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February 4, 2019

A Decade of Health Information Technology Usability Challenges and the Path Forward

Author Affiliations
  • 1National Center for Human Factors in Healthcare, MedStar Health, Georgetown University School of Medicine, Washington, DC
  • 2Alliance for Better Health, Albany Medical College, Albany, New York
  • 3Center for Innovations in Quality, Effectiveness, and Safety, Michael E. DeBakey Veterans Affairs Medical Center, Baylor College of Medicine, Houston, Texas
JAMA. 2019;321(8):743-744. doi:10.1001/jama.2019.0161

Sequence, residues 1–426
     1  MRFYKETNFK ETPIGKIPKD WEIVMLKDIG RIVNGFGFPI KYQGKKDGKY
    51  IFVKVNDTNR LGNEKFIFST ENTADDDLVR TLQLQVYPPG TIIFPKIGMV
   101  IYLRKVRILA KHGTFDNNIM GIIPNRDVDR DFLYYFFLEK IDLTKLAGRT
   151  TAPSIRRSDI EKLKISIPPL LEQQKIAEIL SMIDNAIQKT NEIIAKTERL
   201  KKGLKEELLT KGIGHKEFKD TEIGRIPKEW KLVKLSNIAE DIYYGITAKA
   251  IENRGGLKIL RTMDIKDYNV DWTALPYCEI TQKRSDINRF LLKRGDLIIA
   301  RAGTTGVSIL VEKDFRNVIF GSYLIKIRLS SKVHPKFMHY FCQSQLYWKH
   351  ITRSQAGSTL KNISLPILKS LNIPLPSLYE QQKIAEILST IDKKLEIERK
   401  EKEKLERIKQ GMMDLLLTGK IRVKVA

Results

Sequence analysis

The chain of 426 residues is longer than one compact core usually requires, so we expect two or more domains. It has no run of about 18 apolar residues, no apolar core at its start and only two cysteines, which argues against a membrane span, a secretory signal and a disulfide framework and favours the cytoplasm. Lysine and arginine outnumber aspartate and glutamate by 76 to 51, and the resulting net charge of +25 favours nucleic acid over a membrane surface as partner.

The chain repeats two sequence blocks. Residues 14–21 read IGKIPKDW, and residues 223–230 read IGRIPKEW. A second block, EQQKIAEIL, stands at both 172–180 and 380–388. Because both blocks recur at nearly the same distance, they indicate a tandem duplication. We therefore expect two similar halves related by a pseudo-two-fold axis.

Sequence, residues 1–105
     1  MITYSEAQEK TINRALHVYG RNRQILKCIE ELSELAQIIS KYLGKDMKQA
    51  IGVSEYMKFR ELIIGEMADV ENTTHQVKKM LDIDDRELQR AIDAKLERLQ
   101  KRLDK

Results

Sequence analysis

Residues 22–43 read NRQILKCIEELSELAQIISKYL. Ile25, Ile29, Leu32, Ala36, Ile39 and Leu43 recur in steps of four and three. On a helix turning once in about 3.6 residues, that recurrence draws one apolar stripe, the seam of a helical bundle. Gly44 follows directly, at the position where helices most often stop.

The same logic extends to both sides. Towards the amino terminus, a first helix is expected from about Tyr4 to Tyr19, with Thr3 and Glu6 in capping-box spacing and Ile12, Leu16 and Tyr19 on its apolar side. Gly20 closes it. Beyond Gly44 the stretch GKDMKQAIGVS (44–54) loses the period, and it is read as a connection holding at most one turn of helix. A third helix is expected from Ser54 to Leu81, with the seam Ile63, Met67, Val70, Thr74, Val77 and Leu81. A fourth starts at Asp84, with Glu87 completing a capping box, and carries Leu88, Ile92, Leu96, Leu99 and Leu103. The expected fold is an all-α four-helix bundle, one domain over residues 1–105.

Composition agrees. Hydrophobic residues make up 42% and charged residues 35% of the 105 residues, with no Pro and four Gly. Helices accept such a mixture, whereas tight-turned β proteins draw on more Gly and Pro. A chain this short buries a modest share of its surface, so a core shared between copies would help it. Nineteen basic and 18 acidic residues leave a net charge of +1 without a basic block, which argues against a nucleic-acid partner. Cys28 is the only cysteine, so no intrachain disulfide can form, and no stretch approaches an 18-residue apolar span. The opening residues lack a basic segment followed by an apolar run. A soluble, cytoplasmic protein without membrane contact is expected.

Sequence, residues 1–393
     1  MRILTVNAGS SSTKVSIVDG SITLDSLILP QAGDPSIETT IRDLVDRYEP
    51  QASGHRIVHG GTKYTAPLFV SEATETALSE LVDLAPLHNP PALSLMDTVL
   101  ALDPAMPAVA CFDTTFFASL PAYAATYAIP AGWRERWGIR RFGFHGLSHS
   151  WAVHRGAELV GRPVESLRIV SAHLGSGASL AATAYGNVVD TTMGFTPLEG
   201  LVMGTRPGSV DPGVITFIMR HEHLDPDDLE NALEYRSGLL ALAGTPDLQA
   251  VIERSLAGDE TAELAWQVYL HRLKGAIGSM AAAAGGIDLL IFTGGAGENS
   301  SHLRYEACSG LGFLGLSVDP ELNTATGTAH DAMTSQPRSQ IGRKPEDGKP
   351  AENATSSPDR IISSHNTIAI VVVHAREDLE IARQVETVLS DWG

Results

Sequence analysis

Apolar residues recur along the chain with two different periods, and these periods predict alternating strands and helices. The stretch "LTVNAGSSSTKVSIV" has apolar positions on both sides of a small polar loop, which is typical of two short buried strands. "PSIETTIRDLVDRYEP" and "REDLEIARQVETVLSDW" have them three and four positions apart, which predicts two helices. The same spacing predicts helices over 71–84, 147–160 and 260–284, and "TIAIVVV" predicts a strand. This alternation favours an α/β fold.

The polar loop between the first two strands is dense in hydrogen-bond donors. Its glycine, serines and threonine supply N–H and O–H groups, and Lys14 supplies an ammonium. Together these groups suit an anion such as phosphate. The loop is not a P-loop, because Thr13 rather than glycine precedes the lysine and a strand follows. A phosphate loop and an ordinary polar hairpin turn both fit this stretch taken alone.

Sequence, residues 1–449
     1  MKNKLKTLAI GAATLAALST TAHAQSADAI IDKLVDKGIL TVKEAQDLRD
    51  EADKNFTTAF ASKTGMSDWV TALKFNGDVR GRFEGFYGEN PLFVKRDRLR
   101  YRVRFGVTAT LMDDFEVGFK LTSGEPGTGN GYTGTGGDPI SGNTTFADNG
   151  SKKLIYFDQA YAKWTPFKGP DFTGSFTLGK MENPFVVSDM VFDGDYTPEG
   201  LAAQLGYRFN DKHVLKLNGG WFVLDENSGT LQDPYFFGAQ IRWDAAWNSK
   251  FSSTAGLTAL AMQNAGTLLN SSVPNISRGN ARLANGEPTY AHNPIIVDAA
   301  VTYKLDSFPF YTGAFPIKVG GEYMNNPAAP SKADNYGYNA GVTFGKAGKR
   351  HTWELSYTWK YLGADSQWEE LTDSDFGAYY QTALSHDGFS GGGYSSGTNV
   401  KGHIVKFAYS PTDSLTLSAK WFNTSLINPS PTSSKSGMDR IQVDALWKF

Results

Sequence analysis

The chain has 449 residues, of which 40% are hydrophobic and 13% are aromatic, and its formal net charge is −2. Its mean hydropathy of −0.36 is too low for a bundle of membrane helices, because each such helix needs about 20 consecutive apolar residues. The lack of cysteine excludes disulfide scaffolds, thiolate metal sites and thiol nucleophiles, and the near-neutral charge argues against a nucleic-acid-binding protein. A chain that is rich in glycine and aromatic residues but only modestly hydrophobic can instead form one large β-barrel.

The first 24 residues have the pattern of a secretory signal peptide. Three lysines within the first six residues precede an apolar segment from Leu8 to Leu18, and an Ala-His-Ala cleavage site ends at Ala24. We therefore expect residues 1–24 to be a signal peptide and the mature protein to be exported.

The 2009 Health Information Technology for Economic and Clinical Health (HITECH) Act successfully promoted the adoption of health information technology (HIT), specifically electronic health records (EHRs). The majority of US hospitals and ambulatory clinicians have adopted an EHR and some benefits, such as easier access to patient information and the ability to more easily order certain medications, laboratory tests, and diagnostic tests, have materialized. However, usability—defined as the extent to which technology can be used efficiently, effectively, and satisfactorily—remains suboptimal.1 Usability challenges in the last decade have had unintended consequences. Poor EHR usability contributes to errors that are associated with patient harm.2 It also results in clinicians spending extra time using the EHR, contributing to clinician frustration, which, in turn, has been reported to jeopardize patient safety.3

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